I deny that Umkhonto was responsible for a number of acts which clearly fell outside the policy of the organisation, and which have been charged in the indictment against us. I, and the others who started the organisation, felt that without violence there would be no way open to the African people to succeed in their struggle against the principle of white supremacy. All lawful modes of expressing opposition to this principle had been closed by legislation, and we were placed in a position in which we had either to accept a permanent state of inferiority, or to defy the government. We chose to defy the law.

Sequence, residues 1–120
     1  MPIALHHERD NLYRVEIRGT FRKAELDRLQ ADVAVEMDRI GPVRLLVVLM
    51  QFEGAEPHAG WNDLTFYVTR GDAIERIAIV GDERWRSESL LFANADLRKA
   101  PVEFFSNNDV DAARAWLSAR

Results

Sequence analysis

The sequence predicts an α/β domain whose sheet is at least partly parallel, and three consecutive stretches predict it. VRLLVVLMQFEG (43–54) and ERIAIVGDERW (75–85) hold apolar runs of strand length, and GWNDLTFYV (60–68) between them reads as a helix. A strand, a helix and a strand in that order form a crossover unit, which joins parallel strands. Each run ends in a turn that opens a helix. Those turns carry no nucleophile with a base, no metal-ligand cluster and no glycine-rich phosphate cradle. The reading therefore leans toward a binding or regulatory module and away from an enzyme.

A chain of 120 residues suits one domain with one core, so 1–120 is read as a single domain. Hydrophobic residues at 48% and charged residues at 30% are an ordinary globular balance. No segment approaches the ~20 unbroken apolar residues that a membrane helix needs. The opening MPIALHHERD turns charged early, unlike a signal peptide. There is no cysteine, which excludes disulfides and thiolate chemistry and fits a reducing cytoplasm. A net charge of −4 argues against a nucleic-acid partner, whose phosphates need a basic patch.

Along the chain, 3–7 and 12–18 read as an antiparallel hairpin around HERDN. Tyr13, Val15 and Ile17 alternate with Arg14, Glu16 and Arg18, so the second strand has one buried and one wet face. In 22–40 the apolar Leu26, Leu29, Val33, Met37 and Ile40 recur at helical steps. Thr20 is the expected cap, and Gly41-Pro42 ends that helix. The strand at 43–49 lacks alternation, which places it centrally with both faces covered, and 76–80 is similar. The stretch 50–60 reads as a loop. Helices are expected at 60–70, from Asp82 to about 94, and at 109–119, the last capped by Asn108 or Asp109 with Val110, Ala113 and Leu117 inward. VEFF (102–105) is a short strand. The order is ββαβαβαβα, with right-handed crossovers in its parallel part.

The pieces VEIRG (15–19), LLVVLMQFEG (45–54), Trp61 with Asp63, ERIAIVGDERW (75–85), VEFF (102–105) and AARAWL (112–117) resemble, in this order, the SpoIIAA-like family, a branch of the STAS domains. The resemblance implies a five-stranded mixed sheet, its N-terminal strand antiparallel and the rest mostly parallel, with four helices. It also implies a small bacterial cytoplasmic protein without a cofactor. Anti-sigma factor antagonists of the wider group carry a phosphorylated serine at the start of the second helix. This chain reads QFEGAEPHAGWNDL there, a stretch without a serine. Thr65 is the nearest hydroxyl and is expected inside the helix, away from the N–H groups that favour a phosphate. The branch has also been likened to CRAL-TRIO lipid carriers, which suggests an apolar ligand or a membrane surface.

We first broke the law in a way which avoided any recourse to violence; when this form was legislated against, and then the government resorted to a show of force to crush opposition to its policies, only then did we decide to answer violence with violence. The African National Congress was formed in 1912 to defend the rights of the African people, which had been seriously curtailed. For 37 years - that is, until 1949 - it adhered strictly to a constitutional struggle. But white governments remained unmoved, and the rights of Africans became less instead of becoming greater. Even after 1949, the ANC remained determined to avoid violence. At this time, however, the decision was taken to protest against apartheid by peaceful, but unlawful, demonstrations. More than 8,500 people went to jail. Yet there was not a single instance of violence. I and 19 colleagues were convicted for organising the campaign, but our sentences were suspended mainly because the judge found that discipline and non-violence had been stressed throughout. During the defiance campaign, the Public Safety Act and the Criminal Law Amendment Act were passed. These provided harsher penalties for protests against [the] laws. Despite this, the protests continued and the ANC adhered to its policy of non-violence. In 1956, 156 leading members of the Congress Alliance, including myself, were arrested. The non-violent policy of the ANC was put in issue by the state, but when the court gave judgment some five years later, it found that the ANC did not have a policy of violence. In 1960 there was the shooting at Sharpeville, which resulted in the declaration of the ANC as an unlawful organisation. My colleagues man and I, after careful consideration, decided that we would not obey this decree. The African people were not part of the government and did not make the laws by which they were governed. We believed in the words of the Universal Declaration of Human